A detailed description of one or more embodiments of the invention is provided below along with accompanying figures that illustrate the principles of the invention. The invention is described in connection with such embodiments, but the invention is not limited to any embodiment. The scope of the invention is limited only by the claims and the invention encompasses numerous alternatives, modifications and equivalents. Numerous specific details are set forth in the following description in order to provide a thorough understanding of the invention. These details are provided for the purpose of example and the invention may be practiced according to the claims without some or all of these specific details. For the purpose of clarity, technical material that is known in the technical fields related to the invention has not been described in detail so that the invention is not unnecessarily obscured.
Providing protection to network traffic using one or more Pseudowires is disclosed. In some embodiments, a Pseudowire protection configuration parameter is sent to a destination node. A Pseudowire configuration acknowledgment from the destination node is received. If a Pseudowire is allowed to be established according to the Pseudowire configuration acknowledgment, it is established based at least in part on the Pseudowire protection configuration parameter. In embodiments where the Pseudowire is established as a standby Pseudowire configured to protect one or more primary Pseudowires, in the event that a primary Pseudowire fails to transfer network traffic for reasons such as network congestion, equipment failure, etc., network traffic that is originally designated to be transferred on the primary Pseudowire(s) is switched from the primary Pseudowire(s) to the standby Pseudowire.
The protection technique is applicable to both single-hop and multi-hop systems.
In the example shown in
In the example shown in
Once the destination node (or its associated management agent) receives the Pseudowire protection configuration parameter, it determines whether it will accept the Pseudowire protection configuration and allow a standby Pseudowire to be established. Depending on implementation, the destination node determines whether to accept the protection configuration based on factors such as traffic condition, number of existing Pseudowires, priority information, etc. The destination node may reject the protection request for a number of reasons. For example, the destination node does not support Pseudowire protection mechanism as described here. If a standby Pseudowire may be established, the destination node accepts it and configures the Pseudowire based at least in part on the configuration parameters. In some embodiments, the destination node adds the Pseudowire to a table of Pseudowires. A corresponding Pseudowire configuration acknowledgment is generated, indicating whether the destination node has accepted the Pseudowire configuration. The Pseudowire configuration acknowledgment is sent to the source node. In some embodiments, as a part of the LDP process, a MPLS label for the data packets traversing through the standby Pseudowire is assigned.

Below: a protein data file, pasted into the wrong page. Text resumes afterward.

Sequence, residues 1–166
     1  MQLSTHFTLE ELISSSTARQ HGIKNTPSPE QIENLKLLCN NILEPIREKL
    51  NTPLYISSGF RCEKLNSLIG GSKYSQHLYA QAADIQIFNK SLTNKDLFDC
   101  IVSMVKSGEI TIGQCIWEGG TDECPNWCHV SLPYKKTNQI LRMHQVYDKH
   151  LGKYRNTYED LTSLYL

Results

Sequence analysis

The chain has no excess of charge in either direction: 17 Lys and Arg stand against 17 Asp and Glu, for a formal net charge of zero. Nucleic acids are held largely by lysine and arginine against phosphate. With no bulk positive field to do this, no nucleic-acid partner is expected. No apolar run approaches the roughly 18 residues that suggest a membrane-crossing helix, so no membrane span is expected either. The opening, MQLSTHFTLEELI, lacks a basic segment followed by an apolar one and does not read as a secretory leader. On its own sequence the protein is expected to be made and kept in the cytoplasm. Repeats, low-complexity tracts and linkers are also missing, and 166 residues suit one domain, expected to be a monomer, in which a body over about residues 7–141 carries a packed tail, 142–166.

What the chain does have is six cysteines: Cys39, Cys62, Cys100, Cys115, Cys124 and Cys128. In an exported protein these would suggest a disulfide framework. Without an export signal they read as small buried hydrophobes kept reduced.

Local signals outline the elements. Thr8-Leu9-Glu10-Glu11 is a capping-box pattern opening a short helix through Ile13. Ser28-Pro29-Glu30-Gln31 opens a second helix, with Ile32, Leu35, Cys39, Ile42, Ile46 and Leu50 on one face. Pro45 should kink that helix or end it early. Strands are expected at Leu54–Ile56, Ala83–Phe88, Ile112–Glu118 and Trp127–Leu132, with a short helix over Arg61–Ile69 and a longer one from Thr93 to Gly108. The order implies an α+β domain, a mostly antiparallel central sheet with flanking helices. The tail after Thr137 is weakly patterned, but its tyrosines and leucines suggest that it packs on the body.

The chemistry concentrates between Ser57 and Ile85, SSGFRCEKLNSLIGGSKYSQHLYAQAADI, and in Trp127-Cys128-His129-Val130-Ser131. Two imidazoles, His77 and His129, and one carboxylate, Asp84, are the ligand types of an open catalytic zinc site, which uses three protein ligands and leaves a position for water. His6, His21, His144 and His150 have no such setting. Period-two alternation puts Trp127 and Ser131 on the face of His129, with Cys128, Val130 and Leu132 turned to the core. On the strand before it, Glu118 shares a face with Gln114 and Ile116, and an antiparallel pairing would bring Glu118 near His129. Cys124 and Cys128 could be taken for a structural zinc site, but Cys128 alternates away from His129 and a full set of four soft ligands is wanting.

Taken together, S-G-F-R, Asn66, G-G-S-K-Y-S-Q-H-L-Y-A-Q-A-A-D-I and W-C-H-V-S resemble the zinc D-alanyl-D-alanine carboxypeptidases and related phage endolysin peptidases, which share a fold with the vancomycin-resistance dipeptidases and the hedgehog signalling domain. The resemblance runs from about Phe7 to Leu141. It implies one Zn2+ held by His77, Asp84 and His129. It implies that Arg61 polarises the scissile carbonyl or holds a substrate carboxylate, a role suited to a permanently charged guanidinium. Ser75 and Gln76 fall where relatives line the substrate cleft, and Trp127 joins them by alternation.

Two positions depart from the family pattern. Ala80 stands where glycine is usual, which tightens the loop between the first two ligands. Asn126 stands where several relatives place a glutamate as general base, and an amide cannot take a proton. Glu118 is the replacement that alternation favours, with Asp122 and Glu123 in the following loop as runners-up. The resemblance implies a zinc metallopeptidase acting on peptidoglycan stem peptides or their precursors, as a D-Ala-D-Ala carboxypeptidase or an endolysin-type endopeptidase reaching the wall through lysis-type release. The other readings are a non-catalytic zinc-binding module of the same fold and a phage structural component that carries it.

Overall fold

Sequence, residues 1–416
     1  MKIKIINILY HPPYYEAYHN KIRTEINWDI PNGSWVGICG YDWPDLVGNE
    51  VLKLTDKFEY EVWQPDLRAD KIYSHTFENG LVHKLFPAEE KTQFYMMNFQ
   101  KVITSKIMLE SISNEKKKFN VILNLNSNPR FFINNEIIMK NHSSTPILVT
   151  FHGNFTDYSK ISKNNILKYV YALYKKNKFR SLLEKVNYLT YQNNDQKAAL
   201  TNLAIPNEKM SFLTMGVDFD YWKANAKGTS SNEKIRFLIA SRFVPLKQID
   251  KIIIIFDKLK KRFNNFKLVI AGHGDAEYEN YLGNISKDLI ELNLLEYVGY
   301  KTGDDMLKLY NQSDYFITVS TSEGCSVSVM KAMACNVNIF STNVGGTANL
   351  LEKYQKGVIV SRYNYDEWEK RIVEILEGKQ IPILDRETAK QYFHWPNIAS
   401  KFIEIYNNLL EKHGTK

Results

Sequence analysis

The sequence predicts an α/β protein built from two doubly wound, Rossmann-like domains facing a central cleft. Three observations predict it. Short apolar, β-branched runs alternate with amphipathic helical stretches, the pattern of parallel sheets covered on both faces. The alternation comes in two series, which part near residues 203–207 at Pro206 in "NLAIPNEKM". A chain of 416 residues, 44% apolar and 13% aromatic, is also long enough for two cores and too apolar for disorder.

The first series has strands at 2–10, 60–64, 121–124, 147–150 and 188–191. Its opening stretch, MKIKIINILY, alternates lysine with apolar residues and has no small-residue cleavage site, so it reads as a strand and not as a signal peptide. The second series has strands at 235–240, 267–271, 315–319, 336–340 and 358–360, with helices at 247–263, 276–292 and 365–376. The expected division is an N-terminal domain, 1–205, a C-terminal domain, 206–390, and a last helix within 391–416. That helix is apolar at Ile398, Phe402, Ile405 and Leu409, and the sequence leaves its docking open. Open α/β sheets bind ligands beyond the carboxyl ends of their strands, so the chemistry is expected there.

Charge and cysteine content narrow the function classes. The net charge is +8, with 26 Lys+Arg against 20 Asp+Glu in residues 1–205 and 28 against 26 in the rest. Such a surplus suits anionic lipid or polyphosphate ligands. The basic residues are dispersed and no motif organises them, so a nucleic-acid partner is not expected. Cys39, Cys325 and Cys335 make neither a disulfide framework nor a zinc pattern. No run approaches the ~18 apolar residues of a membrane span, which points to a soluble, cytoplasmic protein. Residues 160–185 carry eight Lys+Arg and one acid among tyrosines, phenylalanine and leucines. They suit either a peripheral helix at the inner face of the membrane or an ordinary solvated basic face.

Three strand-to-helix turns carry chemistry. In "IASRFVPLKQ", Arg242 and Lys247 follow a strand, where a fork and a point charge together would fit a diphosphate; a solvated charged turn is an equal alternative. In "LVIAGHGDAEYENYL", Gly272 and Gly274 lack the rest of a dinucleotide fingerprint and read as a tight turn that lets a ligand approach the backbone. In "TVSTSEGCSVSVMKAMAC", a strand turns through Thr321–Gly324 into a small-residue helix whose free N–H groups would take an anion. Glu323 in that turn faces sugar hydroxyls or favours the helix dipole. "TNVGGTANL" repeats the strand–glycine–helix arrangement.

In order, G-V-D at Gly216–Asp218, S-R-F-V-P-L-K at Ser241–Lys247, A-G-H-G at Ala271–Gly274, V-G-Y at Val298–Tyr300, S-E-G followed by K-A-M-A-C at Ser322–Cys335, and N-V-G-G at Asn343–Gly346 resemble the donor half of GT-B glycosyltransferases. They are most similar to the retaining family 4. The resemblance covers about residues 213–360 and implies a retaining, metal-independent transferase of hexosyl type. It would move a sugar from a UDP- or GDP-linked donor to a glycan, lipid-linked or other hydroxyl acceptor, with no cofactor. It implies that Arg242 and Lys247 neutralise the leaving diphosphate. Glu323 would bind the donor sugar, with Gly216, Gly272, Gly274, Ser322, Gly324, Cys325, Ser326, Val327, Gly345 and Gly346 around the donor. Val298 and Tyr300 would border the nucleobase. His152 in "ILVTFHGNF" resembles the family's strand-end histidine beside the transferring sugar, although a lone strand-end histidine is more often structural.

At the source node, once the Pseudowire configuration acknowledgment is received (206), it is examined to determine whether the Pseudowire configuration has been accepted (208). If, according to the Pseudowire configuration acknowledgment, the Pseudowire configuration has been accepted by the destination, a standby Pseudowire is established based at least in part on the Pseudowire protection configuration parameter and may be used as such (210). If, however, the Pseudowire configuration has not been accepted, the process performs appropriate exception handling, such as re-sending the Pseudowire protection configuration parameter (212).
Process 300 begins with the initialization of an LDP session (302). According to the negotiation scheme based on LDP, the source node exchanges messages with the destination node and establishes an LDP Hello Adjacency (304). A Pseudowire setup request that includes a Pseudowire protection configuration parameter is sent to the destination node (or its associated management agent), requesting that a standby Pseudowire be established over the LDP Hello Adjacency (306). In some embodiments, multiple LDP Hello Adjacencies are available for Pseudowire setup, thus multiple setup requests are sent, and the destination node processes the requests and maps Pseudowires to appropriate LDP Hello Adjacencies. In some embodiments, the source node dynamically determines which LDP Hello Adjacency among the available connections is to be configured as a standby Pseudowire, and directs its setup request accordingly. The dynamic determination may be based on, among other things, bandwidth availability on the adjacency path.